As you probably know, I’ve been working on a story involving Bigfoot at an excruciatingly slow pace. Evidence needs to be painstakingly gathered, blurry and out of focus videos need to be watched. You know how it goes.
Well, here’s what happens when you name your computer file after an elusive, potentially-mythical creature:
It’s hard to find.
You know it exists, but you can’t prove it.
Welcome to my first adventure back into writing after summer vacation.
My fellow writer, Tess Grant, and I decided to have a mini writing retreat to celebrate our kids being back in school. We met at the library. I pulled out the notes I had handwritten and prepared to type them into the computer. I happily added 600 words to my manuscript. Then I realized that there were 2 copies of my manuscript in the file, so I deleted one.
(You should feel a dark, scary tremor in the pit of your stomach right now.)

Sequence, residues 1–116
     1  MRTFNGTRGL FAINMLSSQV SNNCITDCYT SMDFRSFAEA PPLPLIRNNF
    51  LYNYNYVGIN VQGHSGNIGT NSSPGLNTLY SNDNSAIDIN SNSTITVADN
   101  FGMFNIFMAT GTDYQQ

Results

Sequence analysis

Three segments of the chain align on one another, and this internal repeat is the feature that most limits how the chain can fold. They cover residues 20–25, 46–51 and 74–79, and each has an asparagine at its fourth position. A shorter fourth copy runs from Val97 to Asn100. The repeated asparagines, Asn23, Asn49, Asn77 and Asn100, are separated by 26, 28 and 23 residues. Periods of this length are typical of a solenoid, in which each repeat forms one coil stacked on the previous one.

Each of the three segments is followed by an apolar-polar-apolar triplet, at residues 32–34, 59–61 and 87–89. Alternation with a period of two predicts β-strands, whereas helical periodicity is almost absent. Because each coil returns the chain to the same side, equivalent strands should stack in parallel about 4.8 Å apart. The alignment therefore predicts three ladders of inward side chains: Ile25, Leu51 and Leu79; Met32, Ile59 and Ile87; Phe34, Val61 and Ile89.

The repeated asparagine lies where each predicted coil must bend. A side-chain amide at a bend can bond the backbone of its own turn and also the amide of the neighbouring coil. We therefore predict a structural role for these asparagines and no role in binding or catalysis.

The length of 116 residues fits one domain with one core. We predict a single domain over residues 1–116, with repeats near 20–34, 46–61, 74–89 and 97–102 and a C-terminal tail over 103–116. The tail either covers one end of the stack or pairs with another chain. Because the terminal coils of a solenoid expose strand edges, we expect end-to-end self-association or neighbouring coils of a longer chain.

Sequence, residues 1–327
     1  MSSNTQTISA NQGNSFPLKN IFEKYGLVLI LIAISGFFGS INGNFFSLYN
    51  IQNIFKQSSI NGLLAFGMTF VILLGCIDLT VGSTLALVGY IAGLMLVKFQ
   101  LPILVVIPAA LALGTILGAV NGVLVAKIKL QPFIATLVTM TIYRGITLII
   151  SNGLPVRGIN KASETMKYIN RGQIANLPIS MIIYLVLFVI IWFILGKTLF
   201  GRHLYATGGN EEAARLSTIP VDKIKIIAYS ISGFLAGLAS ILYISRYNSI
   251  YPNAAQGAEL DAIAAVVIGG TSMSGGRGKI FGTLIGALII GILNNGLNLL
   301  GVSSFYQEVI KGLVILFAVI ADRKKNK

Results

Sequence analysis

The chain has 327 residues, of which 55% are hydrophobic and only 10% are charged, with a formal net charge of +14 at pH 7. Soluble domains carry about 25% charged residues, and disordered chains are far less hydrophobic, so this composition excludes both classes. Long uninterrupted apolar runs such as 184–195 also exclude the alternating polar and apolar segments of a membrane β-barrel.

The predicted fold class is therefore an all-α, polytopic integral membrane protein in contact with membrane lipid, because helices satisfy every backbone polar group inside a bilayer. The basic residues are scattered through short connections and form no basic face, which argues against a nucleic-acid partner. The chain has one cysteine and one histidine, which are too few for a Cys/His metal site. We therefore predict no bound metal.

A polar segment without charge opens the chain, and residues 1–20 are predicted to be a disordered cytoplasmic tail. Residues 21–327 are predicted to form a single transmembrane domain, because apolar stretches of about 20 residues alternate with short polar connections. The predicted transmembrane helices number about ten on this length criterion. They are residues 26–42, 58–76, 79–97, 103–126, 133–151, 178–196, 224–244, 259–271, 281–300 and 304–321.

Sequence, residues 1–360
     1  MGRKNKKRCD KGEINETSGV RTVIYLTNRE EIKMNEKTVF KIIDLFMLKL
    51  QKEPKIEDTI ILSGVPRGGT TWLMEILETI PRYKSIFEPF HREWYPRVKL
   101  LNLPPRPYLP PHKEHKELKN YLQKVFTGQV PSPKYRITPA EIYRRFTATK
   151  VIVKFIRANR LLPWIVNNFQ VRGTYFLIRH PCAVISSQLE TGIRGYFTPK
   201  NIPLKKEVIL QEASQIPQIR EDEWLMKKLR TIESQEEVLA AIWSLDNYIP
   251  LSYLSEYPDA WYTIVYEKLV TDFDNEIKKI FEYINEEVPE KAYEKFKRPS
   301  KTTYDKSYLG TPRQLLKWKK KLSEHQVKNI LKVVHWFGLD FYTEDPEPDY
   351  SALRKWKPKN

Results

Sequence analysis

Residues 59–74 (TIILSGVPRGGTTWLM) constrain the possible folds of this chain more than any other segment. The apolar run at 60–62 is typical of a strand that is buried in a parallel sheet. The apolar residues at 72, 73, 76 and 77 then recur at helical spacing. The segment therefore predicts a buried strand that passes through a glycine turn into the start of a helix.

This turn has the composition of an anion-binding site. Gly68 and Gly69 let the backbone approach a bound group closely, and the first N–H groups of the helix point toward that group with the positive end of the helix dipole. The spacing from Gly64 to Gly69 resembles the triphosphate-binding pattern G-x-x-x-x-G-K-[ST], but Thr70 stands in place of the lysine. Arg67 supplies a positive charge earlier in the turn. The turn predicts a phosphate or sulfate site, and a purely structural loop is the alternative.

Somehow, by the mysteries of computer files, my manuscript was completely gone.
No problem, I thought, my program automatically backs up. It’s somewhere. I checked the various backup locations and cloud drives. The files either wouldn’t open or where 6 months old. Six months old, I could probably deal with, but there had to be something newer, right? Right?!
So I went home praying that there was a gremlin in the library that was preventing me from finding my newest file. I checked externals drives and found nothing newer. Then I found this wonderful thing in Windows 10 called File History. As long as you have it turned on, it keeps copies of your files at whatever interval you set. Luckily I had mine set for daily.
The manuscript was back… with its gremlins. I couldn’t get the second copy of Bigfoot to go away. I’d move some of it and it would appear somewhere else. I’d copy and paste and it’d appear somewhere else. It was maddening.
I finally gave up and copied out the manuscript into a new, hopefully gremlin-free file… which I named Sasquatch.
With the promise of blueberry bagels, it has remained well-behaved.